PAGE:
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Brazil's Congress (photo) passed the historic pension reform in October. (Photo: Mario Roberto Duran Ortiz)
Wednesday, December 18, 2019

Latin America Business: Best in 2019

The best news in Latin America business in 2019.


The best events in Latin American business this year, according to Latinvex editors.

#1 USMCA Closer to Reality

After renewed uncertainty about U.S.-Mexican trade, the year ended with the United States-Mexico-Canada Agreement (USMCA) inching closer to U.S. Congressional approval.

“The new USMCA is really 90 percent NAFTA,” Christopher WilsonDeputy Director of the Mexico Institute at the Wilson Center, told PBS.

“And that's actually the most important thing here is that what happened is that this cloud of uncertainty about the future of NAFTA, the possibility that the president might withdraw from NAFTA, goes away with the agreement around the completion of the USMCA.”

Despite criticism that USMCA is actually worse than NAFTA, many see it as better than the alternative – no U.S.-Mexico trade agreement, as could well have been the result thanks to the anti-NAFTA and anti-Mexico bias and protectionist policies of President Donald Trump.

#2 Brazil Pension Reform

In October, Brazil’s Congress passed a historic pension reform, which aims to generate savings of 800 billion reais (US$197 billion) over the next decade through a range of measures like raising the retirement age and increasing workers’ contributions.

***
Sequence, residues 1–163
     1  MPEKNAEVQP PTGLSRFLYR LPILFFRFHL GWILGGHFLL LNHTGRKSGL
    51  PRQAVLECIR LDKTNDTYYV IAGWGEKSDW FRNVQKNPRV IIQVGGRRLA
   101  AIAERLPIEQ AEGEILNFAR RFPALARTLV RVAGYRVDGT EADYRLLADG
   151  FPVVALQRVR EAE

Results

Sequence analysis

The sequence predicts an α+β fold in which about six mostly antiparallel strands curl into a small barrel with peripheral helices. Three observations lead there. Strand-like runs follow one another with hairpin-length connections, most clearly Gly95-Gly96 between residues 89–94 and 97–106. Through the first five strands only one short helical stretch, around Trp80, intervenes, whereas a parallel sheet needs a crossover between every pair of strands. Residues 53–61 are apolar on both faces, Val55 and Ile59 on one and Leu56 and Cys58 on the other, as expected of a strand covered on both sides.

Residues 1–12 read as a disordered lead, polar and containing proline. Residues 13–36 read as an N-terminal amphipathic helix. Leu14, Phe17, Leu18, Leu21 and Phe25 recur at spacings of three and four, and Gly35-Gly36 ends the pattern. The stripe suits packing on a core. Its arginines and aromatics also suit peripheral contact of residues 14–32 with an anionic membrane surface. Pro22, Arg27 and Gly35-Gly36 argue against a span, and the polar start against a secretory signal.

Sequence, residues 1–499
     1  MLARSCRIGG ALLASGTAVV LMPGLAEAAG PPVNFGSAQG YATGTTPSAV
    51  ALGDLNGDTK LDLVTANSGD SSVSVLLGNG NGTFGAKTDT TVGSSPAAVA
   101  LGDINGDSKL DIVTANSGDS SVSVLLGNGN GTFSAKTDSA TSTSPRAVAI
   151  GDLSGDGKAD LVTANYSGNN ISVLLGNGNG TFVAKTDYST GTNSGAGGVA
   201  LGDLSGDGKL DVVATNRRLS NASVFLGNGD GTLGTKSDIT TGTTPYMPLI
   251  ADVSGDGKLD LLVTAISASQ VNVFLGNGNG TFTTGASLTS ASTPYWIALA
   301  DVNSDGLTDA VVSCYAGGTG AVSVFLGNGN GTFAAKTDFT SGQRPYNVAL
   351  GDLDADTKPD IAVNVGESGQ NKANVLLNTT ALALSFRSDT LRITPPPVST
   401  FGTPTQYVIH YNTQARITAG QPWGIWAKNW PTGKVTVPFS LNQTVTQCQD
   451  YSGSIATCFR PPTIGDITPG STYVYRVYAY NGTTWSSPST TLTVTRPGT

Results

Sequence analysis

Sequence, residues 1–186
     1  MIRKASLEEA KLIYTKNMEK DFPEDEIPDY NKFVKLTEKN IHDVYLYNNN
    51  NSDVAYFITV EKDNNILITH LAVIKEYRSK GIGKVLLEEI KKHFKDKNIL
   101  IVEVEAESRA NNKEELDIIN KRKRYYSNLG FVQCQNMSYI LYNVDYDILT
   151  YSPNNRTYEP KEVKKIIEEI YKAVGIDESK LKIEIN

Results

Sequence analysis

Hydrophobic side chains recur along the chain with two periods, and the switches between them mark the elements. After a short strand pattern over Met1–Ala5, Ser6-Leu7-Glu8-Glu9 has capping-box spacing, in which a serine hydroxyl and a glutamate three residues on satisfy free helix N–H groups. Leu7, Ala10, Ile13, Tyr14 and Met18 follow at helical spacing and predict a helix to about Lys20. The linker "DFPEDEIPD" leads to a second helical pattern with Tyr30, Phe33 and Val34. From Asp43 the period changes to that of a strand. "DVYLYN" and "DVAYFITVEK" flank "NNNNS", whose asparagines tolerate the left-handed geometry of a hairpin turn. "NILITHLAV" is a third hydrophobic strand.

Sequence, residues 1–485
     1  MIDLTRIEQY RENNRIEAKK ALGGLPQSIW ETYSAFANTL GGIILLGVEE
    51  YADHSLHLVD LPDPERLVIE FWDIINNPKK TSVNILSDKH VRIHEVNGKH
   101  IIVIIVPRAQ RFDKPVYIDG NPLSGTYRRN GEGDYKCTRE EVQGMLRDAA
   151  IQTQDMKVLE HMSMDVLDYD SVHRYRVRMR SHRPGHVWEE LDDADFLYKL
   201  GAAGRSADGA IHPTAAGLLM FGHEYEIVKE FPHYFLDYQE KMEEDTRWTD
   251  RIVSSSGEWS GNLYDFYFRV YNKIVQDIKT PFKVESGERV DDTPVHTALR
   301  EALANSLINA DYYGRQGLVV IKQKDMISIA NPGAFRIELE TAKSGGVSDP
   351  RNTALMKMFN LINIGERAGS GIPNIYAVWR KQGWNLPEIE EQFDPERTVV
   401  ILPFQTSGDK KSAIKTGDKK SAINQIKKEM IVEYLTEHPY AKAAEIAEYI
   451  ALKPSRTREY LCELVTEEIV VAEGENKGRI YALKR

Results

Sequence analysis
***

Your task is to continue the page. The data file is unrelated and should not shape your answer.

While, investors and ratings agencies now await other promised reforms (including tax reform), the approval of the pension bill came after years of failed attempts, including by the previous administration of President Michel Temer.

#3 TAG-Engie Deal

In April, a consortium led by French utility Engie agreed to pay $8.6 billion to acquire Brazilian pipeline company TAG from state oil company Petrobras.

It was by far the largest deal in Latin America this year and cemented Brazil as the top M&A market in the region.


Earlier this month, Brazilian broker-dealer XP raised $2.25 billion through a NASDAQ initial public offer, with demand equivalent to 14 times the offering, according to Reuters.

The IPO was the largest this year in Brazil and Latin America, according to Latinvex data and helped offset a lackluster year.

#5 Colombia, Ecuador Oil Auctions

While Mexico under President Andres Manuel Lopez Obrador has virtually halted all new auctions for private and foreign oil companies, Colombia and Ecuador this year presented good opportunities.

Colombia held two auctions that combined are expected to generate $1 billion in investments.

Meanwhile, Ecuador's state-run oil company Petroecuador awarded a unit of Royal Dutch Shell a contract to lift some 20.2 million barrels of Oriente-grade crude between 2020 and 2023 in a deal expected to bring in some $950 million, Reuters reported. 

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